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National anthem kneeling issue came up during Eric Reid’s visit with Bengals

Eric Reid was one of the first players to kneel with and support Colin Kaepernick.

Dallas Cowboys v San Francisco 49ers Photo by Thearon W. Henderson/Getty Images

The Bengals are still deciding whether or not to sign veteran free agent safety Eric Reid to the roster.

Despite being one of the more talented and versatile safeties of this free agency class, Reid didn’t garner a lot of attention. His first visit came with the Bengals on April 9th, and it is shocking it took him this long to even get a visit after hitting free agency in March.

Free agency has pretty much been put on hold with the draft quickly approaching. Usually, the only remaining players are veterans nearing the end of their career as teams would rather add a young rookie at the position instead of paying a veteran who may be beyond their prime. But that’s not really the case with Reid who is still a starting-caliber safety and someone the Bengals could use in their defense.

One reason people think Reid has waited this long to find a team is because he was one of the first players to show support of Colin Kaepernick’s protesting during the national anthem.

Even Reid himself suspects the anthem protests are the reason it's taking him so long to find a new team.

“The notion that I can be a great signing for your team for cheap, not because of my skill set but because I’ve protested systemic oppression, is ludicrous. If you think is, then your mindset is part of the problem too,” Reid tweeted in March.

Reid also tweeted, “GMs aren’t the hold up broski. It’s ownership. People who know football know who can play. People who know me, know my character.”

It is obviously a very polarizing subject, but it is one that has clearly affected Kaepernick’s career as he never signed with a team last season.

Some will say he didn’t have the talent to be on a roster, but Kaepernick is a guy who helped get a team to a Super Bowl, and you never see those guys not get a shot on a second team.

Since Reid attached himself to the protest, there is a reasonable assumption that teams are showing some hesitancy in signing the safety, just as Kaepernick remains unsigned.

That topic came up during Reid’s free agent visit with the Bengals. According to Mike Florio of Pro Football Talk, Bengals owner Mike Brown explained that he doesn’t want any players kneeling during the national anthem.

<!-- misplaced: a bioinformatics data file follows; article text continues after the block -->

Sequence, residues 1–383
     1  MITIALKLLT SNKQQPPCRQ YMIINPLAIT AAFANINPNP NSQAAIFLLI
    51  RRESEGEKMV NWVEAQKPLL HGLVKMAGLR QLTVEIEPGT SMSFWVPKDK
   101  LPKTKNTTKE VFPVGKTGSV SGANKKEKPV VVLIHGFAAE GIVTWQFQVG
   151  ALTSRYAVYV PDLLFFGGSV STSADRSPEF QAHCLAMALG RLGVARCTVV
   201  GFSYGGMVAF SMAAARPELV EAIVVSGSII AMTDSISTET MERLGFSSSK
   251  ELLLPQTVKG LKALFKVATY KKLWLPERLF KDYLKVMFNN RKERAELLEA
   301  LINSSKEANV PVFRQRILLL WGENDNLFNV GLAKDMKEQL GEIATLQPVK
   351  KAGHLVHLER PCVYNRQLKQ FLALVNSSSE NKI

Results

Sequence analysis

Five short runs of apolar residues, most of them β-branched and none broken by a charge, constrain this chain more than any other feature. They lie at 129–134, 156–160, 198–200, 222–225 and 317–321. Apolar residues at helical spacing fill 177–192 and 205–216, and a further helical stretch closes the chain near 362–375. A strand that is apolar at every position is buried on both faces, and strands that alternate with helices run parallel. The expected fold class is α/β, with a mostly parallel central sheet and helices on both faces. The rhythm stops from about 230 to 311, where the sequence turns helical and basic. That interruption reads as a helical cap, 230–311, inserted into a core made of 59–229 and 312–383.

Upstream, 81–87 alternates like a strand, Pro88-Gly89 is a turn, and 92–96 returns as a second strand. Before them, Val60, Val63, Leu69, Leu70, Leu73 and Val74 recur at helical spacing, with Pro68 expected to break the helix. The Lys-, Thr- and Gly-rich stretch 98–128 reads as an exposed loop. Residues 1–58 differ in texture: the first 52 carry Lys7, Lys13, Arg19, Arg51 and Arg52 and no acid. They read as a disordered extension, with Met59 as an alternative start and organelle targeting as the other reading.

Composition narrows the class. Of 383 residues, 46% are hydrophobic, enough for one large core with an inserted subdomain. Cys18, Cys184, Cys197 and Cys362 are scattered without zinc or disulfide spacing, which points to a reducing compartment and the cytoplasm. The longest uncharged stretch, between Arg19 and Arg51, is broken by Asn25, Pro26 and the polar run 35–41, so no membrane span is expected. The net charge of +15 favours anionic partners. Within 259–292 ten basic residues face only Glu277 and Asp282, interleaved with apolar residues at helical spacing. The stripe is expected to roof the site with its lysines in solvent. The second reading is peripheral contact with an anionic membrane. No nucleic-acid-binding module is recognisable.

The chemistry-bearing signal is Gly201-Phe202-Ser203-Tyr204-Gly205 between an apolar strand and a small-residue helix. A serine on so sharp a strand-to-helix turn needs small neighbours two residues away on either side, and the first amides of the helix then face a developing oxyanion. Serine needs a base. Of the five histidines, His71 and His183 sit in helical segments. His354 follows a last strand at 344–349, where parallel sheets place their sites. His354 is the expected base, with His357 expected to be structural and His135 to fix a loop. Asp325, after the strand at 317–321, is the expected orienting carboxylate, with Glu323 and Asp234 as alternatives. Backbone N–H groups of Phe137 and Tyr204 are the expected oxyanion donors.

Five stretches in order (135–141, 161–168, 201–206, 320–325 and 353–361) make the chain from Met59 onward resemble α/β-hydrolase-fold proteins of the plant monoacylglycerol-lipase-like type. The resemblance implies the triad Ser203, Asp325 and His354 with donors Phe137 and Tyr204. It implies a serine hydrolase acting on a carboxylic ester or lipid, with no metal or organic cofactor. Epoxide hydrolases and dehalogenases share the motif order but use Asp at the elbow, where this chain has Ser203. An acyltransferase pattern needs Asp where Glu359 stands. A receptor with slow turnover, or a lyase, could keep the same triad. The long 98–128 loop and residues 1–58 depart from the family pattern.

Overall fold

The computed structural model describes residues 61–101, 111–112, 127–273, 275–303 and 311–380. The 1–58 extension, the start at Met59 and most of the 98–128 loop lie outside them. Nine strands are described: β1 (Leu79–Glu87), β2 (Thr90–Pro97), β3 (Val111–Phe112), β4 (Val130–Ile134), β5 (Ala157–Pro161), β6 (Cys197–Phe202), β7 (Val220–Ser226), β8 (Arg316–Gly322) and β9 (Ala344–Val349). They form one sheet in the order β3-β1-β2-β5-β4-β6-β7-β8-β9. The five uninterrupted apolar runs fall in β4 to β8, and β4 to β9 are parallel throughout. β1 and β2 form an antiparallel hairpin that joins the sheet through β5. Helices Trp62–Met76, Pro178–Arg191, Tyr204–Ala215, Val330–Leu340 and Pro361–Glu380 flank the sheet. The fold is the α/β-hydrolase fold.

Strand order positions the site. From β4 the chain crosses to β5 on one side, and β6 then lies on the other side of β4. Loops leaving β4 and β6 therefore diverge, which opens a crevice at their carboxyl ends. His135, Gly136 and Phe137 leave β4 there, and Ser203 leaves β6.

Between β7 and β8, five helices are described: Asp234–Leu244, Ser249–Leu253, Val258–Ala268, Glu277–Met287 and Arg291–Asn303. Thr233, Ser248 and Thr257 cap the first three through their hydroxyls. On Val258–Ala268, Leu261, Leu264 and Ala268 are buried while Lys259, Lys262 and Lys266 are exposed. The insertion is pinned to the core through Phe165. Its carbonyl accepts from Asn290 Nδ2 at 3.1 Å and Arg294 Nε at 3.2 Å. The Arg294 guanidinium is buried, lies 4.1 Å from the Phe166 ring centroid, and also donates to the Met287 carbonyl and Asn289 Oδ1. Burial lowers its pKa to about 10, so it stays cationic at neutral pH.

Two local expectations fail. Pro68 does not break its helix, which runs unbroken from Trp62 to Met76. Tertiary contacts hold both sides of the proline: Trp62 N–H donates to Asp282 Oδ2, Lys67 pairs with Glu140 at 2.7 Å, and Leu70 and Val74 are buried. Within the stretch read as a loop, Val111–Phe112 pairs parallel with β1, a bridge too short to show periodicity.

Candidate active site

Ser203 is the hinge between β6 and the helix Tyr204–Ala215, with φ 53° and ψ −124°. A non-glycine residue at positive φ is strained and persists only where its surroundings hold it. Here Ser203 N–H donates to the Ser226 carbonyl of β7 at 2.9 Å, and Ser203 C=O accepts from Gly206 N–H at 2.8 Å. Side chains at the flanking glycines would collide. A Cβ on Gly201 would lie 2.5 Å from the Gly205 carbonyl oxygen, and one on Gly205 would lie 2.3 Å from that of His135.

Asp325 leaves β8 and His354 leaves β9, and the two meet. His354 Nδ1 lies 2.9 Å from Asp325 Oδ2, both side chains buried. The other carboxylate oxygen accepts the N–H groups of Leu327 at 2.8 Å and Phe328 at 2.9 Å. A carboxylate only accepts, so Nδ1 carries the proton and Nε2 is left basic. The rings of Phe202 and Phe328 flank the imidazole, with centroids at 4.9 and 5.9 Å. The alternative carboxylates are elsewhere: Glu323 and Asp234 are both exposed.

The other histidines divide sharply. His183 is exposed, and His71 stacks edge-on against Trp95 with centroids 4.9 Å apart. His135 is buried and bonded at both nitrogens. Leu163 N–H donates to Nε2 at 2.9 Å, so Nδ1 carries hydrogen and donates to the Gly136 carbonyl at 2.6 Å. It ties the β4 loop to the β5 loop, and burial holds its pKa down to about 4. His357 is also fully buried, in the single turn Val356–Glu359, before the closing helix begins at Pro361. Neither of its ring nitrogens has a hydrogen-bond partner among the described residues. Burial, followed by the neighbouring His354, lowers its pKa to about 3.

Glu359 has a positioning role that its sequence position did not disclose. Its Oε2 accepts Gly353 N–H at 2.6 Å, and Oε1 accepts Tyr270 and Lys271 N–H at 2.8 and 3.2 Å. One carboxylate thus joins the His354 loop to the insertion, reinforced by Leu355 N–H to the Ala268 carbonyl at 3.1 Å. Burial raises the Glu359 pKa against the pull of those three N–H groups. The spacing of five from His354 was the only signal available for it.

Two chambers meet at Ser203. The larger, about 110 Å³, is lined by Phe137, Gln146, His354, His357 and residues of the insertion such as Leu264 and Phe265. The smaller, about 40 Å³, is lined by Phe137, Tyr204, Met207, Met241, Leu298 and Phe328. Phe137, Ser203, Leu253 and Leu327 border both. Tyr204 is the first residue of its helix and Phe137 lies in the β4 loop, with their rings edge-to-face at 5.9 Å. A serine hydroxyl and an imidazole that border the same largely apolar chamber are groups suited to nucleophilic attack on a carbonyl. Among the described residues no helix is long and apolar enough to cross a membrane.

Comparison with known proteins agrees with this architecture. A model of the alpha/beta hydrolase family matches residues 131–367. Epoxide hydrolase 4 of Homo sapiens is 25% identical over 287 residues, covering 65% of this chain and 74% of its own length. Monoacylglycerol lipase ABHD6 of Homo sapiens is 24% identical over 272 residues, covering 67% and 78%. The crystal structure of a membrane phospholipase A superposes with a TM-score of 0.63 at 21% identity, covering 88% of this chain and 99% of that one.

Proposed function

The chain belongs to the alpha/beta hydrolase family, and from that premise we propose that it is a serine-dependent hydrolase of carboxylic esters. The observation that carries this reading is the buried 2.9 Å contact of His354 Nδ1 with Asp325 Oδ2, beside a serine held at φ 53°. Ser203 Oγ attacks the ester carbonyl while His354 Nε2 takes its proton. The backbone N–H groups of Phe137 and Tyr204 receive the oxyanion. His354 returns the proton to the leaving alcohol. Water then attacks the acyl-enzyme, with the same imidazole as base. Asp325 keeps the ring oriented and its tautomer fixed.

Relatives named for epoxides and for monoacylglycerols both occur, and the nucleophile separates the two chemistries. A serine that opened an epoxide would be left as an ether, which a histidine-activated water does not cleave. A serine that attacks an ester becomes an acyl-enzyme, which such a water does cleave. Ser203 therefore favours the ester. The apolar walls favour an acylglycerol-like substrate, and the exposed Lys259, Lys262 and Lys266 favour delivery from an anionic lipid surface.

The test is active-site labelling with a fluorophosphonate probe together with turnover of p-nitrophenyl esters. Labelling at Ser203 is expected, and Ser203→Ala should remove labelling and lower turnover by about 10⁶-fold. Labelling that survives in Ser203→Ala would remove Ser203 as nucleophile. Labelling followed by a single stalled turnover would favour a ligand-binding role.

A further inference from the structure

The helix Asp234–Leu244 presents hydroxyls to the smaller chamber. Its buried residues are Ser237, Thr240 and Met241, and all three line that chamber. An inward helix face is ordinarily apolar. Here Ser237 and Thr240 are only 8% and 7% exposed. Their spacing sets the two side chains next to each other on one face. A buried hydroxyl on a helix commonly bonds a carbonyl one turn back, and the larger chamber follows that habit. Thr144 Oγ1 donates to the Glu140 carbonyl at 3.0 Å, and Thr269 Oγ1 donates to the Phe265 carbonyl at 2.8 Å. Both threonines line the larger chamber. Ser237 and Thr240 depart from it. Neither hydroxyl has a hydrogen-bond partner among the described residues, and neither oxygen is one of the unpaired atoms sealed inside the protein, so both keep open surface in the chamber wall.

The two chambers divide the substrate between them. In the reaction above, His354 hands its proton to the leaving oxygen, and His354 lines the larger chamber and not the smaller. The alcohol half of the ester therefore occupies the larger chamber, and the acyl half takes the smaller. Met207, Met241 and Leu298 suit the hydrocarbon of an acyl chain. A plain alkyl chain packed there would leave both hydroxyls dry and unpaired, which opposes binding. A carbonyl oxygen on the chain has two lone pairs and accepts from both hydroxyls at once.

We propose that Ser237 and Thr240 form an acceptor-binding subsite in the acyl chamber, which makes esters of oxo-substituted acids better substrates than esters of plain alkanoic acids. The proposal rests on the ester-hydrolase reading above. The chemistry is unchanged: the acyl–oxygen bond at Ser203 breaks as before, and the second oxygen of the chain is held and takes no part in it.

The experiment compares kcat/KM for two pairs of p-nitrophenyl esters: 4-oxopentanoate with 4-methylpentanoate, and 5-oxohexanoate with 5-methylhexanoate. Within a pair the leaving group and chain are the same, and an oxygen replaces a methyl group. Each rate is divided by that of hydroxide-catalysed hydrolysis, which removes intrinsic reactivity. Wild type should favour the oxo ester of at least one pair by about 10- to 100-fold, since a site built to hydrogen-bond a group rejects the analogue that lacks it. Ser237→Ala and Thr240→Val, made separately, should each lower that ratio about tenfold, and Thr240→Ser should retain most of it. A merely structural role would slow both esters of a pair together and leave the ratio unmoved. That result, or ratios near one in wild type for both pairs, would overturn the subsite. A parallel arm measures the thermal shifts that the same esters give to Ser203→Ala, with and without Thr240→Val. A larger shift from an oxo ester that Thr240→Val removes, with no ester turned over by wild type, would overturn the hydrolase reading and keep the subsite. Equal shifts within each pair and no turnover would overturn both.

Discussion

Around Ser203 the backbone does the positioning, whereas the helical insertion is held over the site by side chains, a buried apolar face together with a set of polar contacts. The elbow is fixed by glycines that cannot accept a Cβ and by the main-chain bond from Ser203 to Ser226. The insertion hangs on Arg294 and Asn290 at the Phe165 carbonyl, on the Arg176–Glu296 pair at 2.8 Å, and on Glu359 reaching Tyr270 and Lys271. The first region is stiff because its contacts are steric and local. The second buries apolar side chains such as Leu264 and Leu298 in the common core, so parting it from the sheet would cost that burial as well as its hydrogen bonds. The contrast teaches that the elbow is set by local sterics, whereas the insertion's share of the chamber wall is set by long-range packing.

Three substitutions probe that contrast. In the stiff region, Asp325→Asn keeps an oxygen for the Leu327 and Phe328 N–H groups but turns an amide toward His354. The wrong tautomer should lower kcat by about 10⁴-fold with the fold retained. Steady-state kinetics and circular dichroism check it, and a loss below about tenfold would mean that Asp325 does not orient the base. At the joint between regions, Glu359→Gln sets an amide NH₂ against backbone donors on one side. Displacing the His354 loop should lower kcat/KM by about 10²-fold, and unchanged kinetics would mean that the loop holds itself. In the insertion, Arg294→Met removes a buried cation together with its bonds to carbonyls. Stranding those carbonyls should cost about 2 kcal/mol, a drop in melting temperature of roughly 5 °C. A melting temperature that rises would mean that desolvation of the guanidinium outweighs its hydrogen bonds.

Per a source with knowledge of the situation, Brown personally met with Reid when Reid visited the Bengals on Monday. Brown, according to the source, initiated discussion regarding the issue of kneeling during the anthem. The conversation almost exclusively centered on the topic, with Brown explaining that he intends to prohibit it — and with Brown at one point asking Reid for his response.

Reid, caught off guard by the line of questioning, wasn’t willing to make a commitment on the spot.

After the meeting with Brown, Reid would meet with Bengals coaches and take a physical. But at one point, head coach Marvin Lewis attempted to get another answer from Reid on his stance with the national anthem kneeling, and none came. Neither did a contract offer.

It’s unclear if this means no contract offer will come for Reid, but it’s safe to think it’s in jeopardy if both sides can’t reach a mutual understanding on the issue.

Reid had hoped to bury those worries by letting everyone know that he won’t be protesting during the national anthem anymore, according to ESPN.

“I’m not saying I’m going to stop being active because I won’t,” Reid told ESPN. “I’m just going to consider different ways to be active, different ways to bring awareness to the issues of this country and improve on the issues happening in this country. I don’t think it will be in the form of protesting during the anthem. I say ‘during’ because it’s crazy that the narrative changed to we were ‘protesting the anthem,’ and that wasn’t the case. I think we’re going to take a different approach to how we’re going to be active.”

No matter where you stand on the issue, it seems Reid will find a different avenue for his protest than during the anthem. It’s natural this topic would come up when Reid met with the Bengals and isn’t really cause for alarm. At least the Bengals were willing to give him a chance by bringing him in for a visit, which is more than any other NFL team can say at this time.